My day sucked a big fat ostrich egg today. Well, that's more polite than saying it sucked something else.
More pain, more tears, slept too long, frustration from the kids, made my mother mad, what else could go wrong? Oh, I decided to be a stubborn bitch and not take any medication today because I felt too "drugged" yesterday and I slept too long. Brilliant idea, by the way. My trigger points are killing me today and I spilled near-boiling water on my shirt making a fucking pasta salad I didn't even want to eat because my mom asked me to do it.
I was ready to go to bed at six...
but I couldn't...because my favorite detectives were fading to black tonight. Supposedly.
I'm kind of waiting with baited breath that USA will renew their contracts for eight more episodes next season. Eight episodes seemed to be the magic number. Now, I'm not by any means praising EVERY episode this season. What has been different is the groove. Goren and Eames felt like, well, Goren and Eames. Like partners. Like partners who had worked together for ten years and knew each other well, and not only knew each other but WANTED to work together, because there was magic when they did. And the quirky, sharp, and intense moments we had come to look forward to had returned. Bobby was less damaged (finally...thank God...anyone else who had suffered all he had would have swallowed his gun by now). Alex was more interactive with him, more like she had made peace with herself and with him.
In this case, it's clear the magic is also what goes on behind the scenes--writers, cameras, producers, directors. Was that Gloria Allred tonight? And Cynthia Nixon last week in a fabulous role. Obviously James van der Beek--yes, Dawson--was there tonight, playing the devious Rex. You know, the guy you wished had done it but unfortunately was too self-involved to care enough to kill anybody.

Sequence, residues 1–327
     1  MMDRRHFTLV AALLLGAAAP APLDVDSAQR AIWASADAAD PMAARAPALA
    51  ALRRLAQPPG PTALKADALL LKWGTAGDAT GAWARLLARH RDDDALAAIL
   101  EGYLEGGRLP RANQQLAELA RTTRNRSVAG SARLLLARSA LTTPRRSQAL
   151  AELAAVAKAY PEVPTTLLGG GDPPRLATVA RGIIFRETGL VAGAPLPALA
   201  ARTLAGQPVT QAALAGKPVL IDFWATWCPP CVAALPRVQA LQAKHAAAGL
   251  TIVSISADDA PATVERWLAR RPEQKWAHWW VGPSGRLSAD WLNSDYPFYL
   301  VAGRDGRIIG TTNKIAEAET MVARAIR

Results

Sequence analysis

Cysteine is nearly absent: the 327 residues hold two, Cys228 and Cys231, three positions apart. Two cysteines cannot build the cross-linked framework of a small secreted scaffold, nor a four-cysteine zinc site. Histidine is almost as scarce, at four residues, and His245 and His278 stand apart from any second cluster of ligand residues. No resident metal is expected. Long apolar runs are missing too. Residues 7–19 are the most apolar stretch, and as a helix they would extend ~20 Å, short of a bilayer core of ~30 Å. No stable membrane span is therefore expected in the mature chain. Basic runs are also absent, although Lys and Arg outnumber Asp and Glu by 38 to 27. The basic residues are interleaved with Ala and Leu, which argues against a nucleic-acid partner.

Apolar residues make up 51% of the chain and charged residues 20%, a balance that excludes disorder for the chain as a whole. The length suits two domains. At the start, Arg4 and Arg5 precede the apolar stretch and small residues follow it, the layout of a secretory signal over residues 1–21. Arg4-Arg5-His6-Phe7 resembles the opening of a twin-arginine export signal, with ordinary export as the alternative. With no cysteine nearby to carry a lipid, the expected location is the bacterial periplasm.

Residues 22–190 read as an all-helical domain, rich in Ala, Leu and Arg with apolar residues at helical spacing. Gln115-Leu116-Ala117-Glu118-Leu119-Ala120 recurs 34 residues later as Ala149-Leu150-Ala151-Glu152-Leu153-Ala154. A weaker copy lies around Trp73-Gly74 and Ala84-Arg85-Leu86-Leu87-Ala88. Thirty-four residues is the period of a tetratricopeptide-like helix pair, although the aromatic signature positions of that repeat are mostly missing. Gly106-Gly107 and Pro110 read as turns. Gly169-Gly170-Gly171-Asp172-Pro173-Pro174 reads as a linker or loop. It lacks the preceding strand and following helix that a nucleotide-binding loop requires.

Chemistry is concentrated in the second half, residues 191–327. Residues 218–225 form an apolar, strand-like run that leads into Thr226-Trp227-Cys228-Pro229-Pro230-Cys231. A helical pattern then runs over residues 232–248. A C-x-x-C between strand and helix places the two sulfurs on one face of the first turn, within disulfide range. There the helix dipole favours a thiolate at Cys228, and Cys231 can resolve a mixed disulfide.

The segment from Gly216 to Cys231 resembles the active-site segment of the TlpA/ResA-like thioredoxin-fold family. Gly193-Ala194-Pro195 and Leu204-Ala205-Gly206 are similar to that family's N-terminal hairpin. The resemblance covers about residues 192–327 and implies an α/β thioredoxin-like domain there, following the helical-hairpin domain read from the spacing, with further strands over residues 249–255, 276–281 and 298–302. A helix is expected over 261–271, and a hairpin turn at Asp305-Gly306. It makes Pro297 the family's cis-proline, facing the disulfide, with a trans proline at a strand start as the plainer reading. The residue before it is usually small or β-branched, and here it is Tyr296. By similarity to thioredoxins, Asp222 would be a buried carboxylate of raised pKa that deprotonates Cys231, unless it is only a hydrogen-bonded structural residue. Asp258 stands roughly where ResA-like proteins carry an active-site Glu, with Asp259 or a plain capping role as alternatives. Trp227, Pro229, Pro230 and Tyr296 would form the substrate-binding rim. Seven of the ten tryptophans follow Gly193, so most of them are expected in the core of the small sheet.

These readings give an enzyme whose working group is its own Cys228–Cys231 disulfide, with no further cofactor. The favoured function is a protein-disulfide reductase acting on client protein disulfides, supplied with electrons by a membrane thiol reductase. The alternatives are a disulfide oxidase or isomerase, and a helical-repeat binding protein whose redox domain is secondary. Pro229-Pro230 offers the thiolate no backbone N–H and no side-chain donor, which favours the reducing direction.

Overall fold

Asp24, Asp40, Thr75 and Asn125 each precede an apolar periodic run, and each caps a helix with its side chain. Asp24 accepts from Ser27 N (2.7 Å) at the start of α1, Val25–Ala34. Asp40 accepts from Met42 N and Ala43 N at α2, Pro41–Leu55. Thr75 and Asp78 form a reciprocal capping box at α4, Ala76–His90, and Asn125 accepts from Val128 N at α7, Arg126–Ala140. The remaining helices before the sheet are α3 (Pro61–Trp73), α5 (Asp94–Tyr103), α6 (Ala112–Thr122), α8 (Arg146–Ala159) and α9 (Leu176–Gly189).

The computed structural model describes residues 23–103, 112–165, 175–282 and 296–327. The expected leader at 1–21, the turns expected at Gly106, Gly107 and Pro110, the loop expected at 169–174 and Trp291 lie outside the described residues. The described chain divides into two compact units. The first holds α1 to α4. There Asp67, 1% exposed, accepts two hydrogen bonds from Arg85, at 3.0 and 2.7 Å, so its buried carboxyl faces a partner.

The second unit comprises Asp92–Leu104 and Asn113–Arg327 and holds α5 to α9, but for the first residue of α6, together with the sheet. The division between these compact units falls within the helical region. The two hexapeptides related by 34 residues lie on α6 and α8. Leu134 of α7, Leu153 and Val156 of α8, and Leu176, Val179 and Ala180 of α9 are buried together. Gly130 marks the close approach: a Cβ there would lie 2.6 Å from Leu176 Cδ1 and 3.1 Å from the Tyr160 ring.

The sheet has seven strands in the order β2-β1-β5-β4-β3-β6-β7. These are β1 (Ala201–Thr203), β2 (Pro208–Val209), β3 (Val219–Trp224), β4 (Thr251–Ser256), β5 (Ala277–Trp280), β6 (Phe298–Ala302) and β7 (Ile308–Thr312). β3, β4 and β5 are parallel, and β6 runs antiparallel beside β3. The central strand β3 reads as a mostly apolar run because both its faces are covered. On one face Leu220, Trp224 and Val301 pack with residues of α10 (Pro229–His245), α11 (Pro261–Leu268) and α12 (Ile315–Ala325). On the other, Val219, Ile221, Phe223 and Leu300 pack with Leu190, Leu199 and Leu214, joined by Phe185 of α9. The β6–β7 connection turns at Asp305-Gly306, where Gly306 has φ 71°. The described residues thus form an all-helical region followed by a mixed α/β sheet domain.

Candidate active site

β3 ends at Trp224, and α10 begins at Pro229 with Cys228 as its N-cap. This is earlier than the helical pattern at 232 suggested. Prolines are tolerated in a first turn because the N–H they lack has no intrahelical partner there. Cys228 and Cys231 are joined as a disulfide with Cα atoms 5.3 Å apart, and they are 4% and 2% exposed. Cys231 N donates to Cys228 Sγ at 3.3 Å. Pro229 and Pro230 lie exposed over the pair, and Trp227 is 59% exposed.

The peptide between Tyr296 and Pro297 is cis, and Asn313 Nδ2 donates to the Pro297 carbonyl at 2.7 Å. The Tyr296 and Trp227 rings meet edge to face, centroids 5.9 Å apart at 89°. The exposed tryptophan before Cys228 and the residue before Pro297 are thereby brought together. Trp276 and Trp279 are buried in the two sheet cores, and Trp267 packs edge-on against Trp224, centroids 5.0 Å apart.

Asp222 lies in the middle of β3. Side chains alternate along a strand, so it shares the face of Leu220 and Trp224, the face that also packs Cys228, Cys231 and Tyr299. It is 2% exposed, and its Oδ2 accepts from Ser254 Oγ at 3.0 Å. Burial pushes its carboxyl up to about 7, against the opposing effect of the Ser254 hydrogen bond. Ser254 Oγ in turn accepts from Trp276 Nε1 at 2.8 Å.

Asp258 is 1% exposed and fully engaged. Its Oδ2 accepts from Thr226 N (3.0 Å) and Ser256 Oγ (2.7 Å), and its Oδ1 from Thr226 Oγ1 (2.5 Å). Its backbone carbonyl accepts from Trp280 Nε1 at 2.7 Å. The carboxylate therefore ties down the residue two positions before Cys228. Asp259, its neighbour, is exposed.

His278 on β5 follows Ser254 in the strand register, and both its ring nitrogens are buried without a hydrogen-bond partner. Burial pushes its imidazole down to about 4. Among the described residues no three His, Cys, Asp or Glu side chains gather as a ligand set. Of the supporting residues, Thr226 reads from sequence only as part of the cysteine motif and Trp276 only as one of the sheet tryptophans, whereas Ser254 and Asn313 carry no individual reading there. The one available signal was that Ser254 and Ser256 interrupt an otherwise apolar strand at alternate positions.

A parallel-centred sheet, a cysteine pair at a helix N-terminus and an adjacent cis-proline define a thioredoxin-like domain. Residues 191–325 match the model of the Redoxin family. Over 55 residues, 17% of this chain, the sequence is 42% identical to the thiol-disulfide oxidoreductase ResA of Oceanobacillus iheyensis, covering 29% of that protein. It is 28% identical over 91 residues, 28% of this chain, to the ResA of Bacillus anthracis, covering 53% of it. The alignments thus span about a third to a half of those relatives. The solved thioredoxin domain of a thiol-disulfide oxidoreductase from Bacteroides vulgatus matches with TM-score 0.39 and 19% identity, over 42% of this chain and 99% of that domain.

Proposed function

A lot of fans have talked about the "cliched" moments between Goren and his psychologist, Dr. Gyson, played (in my opinion) brilliantly by Julia Ormond. I've thought Julia was a fantastic actress ever since I saw her in "The Unbearable Lightness of Being" almost twenty-five years ago. And she's been the perfect intellectual and emotional match to get into Goren's head (wtg, writers!). She spoke truths about Goren that we all knew but he failed to acknowledge, because of the obvious--fear. It's his achilles heel, matched with his anger, and what draws fans like me to want to turn a fictional character into a real live man to rescue.
It's been amazing to me how much they've been able to show multiple sides of these characters that we didn't know in just eight episodes. One of my favorites this season was when Bobby and Alex stopped by her dad's place. We saw a different side of Alex--one that was frustrated with her father's shortcomings. For eight years we heard about her dad, her father, her old man. The cop that fell short on the job and everybody knew it, but his daughter seemed to love him anyway and often shared anecdotes about him.
And Bobby? We're still left with wondering where Donnie went, how he's related to little cousin Molly, but understand that his psychologist is going to challenge him to find the man inside the cop...which sums up Goren nicely. Maybe if he was more comfortable with the man he was rather than only the cop he is, his glimpses of personality wouldn't be so aggressive or violent. (I worked on a degree in social work and have a bachelor's in psychology. I'm programmed to analyze. So sue me.)